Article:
"What I had to face, the very bitter lesson that everyone who wants to write has got to learn, was that a thing may in itself be the finest piece of writing one has ever done, and yet have absolutely no place in the manuscript one hopes to publish."
"No iron can pierce the heart with such force as a period put at the right place."
"I have rewritten--often several times--every word I have ever written. My pencils outlast their erasers."
"Making the simple complicated is commonplace; making the complicated simple, awesomely simple, that's creativity."
"I think the only person a writer has an obligation to is himself. If what I write doesn't fulfill something in me, if I don't honestly feel it's the best I can do, then I'm miserable."
"I have never thought of myself as a good writer. Anyone who wants reassurance of that should read one of my first drafts. But I'm one of the world's great rewriters."
James A. Michener
"How do I know what I think, until I see what I say?"
"It is perfectly okay to write garbage--as long as you edit brilliantly."
"To write simply is as difficult as to be good."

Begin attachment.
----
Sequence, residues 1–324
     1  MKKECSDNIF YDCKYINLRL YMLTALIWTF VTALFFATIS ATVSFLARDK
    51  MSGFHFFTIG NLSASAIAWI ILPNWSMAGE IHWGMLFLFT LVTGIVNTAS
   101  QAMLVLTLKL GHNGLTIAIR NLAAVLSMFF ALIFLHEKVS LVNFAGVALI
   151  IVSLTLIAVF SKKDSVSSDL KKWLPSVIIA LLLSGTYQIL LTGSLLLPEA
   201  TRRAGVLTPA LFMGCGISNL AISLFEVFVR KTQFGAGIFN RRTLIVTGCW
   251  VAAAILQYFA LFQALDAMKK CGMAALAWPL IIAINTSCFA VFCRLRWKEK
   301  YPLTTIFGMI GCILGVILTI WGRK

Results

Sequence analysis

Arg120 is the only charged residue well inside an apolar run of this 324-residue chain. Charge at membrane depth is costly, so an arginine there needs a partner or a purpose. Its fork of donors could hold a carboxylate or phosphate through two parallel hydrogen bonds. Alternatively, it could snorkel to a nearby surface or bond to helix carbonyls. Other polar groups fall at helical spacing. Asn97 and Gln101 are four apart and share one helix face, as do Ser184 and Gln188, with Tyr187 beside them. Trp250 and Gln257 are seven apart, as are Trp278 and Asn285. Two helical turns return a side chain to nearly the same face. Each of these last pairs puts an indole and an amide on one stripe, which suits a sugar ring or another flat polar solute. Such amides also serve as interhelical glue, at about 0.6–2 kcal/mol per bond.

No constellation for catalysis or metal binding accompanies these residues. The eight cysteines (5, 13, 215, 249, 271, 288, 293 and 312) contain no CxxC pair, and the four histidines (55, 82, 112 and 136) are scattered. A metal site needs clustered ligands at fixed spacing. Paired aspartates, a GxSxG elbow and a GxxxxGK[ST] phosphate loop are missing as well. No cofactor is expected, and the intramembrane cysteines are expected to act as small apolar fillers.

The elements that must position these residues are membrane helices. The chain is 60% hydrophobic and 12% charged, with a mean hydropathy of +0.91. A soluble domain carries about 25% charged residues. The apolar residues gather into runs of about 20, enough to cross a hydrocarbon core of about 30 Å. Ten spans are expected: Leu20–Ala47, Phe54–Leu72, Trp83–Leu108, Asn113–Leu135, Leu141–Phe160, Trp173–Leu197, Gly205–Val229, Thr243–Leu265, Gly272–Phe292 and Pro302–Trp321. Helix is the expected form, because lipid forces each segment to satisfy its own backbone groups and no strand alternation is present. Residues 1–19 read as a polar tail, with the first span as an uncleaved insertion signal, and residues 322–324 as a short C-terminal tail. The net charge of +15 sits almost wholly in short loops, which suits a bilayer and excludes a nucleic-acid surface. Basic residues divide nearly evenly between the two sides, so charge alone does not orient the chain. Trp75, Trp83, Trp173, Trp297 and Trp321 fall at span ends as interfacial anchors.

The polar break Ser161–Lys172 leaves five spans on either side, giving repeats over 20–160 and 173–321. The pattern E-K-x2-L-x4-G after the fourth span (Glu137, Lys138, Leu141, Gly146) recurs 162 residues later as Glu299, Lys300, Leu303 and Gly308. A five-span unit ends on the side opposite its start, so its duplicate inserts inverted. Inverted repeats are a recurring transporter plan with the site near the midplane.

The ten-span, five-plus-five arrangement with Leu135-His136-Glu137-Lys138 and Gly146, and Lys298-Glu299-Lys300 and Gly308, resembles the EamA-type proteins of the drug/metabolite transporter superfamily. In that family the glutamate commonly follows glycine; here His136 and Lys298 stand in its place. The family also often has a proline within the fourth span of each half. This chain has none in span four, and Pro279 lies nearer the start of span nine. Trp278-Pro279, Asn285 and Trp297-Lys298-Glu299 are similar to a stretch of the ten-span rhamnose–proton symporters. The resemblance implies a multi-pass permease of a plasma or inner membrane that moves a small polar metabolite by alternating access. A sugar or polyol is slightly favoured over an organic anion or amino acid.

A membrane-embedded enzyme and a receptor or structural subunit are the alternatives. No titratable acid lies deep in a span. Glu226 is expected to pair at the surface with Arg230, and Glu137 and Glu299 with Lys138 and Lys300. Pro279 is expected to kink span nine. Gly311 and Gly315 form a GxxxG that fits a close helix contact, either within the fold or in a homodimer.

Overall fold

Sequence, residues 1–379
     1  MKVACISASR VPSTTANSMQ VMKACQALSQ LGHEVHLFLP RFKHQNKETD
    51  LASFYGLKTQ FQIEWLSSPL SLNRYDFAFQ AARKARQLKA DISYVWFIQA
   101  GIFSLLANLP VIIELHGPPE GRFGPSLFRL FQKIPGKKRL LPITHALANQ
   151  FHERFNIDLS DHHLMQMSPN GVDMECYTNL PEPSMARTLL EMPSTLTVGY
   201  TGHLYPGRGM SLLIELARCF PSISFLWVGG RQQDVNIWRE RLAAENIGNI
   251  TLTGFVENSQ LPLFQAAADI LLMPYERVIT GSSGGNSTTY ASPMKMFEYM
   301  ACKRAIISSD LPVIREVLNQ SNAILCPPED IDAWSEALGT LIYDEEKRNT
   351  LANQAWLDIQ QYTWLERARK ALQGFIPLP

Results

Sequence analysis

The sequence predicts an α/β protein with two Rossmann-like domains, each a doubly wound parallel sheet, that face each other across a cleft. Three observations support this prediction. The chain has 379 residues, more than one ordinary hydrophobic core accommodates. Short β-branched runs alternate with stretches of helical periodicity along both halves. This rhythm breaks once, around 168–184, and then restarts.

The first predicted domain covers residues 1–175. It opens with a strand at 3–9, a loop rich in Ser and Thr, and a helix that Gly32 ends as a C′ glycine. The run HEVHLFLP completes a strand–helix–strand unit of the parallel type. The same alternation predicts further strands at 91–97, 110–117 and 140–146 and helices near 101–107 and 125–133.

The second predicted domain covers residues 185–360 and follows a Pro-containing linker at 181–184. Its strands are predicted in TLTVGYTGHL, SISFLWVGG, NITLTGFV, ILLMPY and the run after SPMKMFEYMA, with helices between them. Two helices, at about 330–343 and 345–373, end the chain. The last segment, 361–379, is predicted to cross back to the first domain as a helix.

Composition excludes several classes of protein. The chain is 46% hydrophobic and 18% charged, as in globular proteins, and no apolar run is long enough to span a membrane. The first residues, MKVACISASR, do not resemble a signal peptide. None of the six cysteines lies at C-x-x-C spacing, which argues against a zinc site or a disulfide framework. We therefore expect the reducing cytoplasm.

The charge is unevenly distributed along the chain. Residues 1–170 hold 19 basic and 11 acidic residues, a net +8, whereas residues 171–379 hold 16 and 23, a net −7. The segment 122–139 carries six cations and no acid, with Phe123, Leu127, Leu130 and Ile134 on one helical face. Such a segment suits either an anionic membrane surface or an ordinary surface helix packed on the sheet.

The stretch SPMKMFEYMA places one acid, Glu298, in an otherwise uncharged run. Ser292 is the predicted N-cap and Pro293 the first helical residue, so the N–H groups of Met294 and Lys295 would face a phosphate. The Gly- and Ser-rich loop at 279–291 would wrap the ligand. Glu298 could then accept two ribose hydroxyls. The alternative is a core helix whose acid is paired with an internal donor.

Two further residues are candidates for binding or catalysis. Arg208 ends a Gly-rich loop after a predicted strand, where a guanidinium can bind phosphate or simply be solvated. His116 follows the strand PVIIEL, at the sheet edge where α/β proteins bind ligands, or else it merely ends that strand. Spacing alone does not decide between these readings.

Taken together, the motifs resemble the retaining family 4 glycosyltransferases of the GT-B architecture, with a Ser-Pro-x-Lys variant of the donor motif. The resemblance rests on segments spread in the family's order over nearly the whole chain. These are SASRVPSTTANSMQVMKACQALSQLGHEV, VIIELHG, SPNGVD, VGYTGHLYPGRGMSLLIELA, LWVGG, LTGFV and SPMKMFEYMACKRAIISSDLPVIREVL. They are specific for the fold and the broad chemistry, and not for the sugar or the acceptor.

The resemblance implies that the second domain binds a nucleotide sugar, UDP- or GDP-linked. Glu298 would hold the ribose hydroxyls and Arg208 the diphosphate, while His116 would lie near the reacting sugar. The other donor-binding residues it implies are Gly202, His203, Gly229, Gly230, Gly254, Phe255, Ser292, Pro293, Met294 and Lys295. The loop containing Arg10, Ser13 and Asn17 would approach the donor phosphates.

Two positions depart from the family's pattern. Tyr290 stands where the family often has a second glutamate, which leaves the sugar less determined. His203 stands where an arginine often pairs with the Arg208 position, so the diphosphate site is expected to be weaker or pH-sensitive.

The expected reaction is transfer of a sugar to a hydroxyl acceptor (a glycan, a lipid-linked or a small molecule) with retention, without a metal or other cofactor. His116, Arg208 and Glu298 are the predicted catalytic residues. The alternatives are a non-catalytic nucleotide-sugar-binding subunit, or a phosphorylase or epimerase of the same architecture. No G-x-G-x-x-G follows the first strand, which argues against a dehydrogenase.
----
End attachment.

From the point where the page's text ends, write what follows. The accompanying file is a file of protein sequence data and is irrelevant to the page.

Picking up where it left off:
W. Somerset Maugham
"Rules are a point to build a story around. They are a plain, solid, square foundation. If you stick to that foundation, you get a solid, plain, square building. Nothing wrong with it, but nothing notable either. To make an interesting building, you've got to go beyond that foundation, ignoring it as much as you can without having the building fall apart. The bending of the rules until the story is ready to crumble is what makes a good story--interesting, intriguing, and plausible, but almost ready to burst."
David "Pasha" Morrow
"Half my life is an act of revision."
"Writing is rewriting. A writer must learn to deepen characters, trim writing, intensify scenes. To fall in love with a first draft to the point where one cannot change it is to greatly enhance the prospects of never publishing."
Richard North Patterson
"Books aren't written--they're rewritten. Including your own. It is one of the hardest things to accept, especially after the seventh rewrite hasn't quite done it."
http://www.editsbooks.com Resources galore for the writer
http://www.writingworld.com Critique site
http://webster.comnet.edu/grammar/index2.htm? Grammar & Composition Index
http://www.carolkluz.homestead.com Writer’s Resource Directory
For any suggestions regarding the Write Track Newsletter, contact Carol Kluz at firstname.lastname@example.org.